Most people will purchase or sell only one business in a lifetime. Therefore, as business brokers, a large part of what we do is educate buyers and sellers about the intricacies of the process. People rely on us to help them understand the steps involved in buying or selling a business. They understand that the better informed and prepared they are the more likely they are to achieve their goal. Therefore, in the beginning stages, we're the ones doing most of the talking.

When it comes time for the buyer seller meeting, however, our role is to make the introductions, be an observer, and be quiet for the most part. We may interject questions or comments when appropriate to guide the flow of information. This meeting is an important event for the buyer and seller. It is their time to understand each other's objectives, establish a rapport, and size each other up.

An appointment for a buyer and seller to meet is usually made when a buyer is considering making an offer to purchase the business. The buyer would have already reviewed the business profile and financials, and asked preliminary questions that had been answered by the broker. It is common for business owners to require that all such meetings be during non operating hours to avoid premature disclosure to employees and customers.

This is the chance for the buyer to tour the facilities, to learn about the operations of the business, the employees, the growth opportunities, the financial aspects of running the business, and to get a feel for what it would be like to walk in the owner's shoes. However, this meeting is not the time to discuss the price and terms of the sale. The business broker is the intermediary and will be the liaison for the two parties on that subject.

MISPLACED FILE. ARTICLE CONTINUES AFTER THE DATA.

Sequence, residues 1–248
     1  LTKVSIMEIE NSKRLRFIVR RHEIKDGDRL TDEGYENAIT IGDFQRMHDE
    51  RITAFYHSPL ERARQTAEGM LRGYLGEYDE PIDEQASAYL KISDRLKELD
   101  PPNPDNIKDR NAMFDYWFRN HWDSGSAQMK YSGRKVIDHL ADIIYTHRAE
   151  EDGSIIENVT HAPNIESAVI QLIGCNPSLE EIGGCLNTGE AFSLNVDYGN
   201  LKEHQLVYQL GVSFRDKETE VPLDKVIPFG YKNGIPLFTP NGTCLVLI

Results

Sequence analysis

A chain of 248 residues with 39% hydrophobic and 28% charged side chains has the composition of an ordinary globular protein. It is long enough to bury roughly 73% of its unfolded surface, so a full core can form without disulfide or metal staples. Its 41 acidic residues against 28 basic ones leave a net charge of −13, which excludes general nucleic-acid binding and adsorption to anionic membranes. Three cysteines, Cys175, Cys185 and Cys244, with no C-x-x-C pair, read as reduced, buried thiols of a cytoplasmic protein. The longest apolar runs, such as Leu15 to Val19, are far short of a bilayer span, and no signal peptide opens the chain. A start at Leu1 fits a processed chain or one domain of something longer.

From a buyer's perspective, purchasing a business is a huge financial risk – most likely the largest in their life. While they know they will have the right to perform all the due diligence they deem necessary, a healthy amount of trust is involved. The buyer must gain a sufficient comfort level about the seller, the business, and its sustainability under their ownership in order to take the proverbial leap of faith.

The seller, on the other hand, usually has their net worth tied up in the business. Typically, the seller has invested many years building and nurturing the business. Retirement may depend on successfully selling the business at a just price. In today's market, a seller note is usually required. Even if a buyer is well funded, a lender will often want a seller to carry a note in order to reduce their own liability and exposure. It is a huge financial risk for the seller – most likely the largest in their life – just as it is for the buyer. In order to realize full payment, the seller has to trust in the buyer's ability to manage and successfully run the business.

In our experience, the first meeting usually takes about two to three hours. First impressions will be made during this short period. Each will be making their respective judgement of the other and pondering the possibility of a deal being formulated. This is usually the time when the buyer decides if this is the business they wish to pursue. If all went well, an offer to purchase is tendered. If the seller accepts, the due diligence process begins.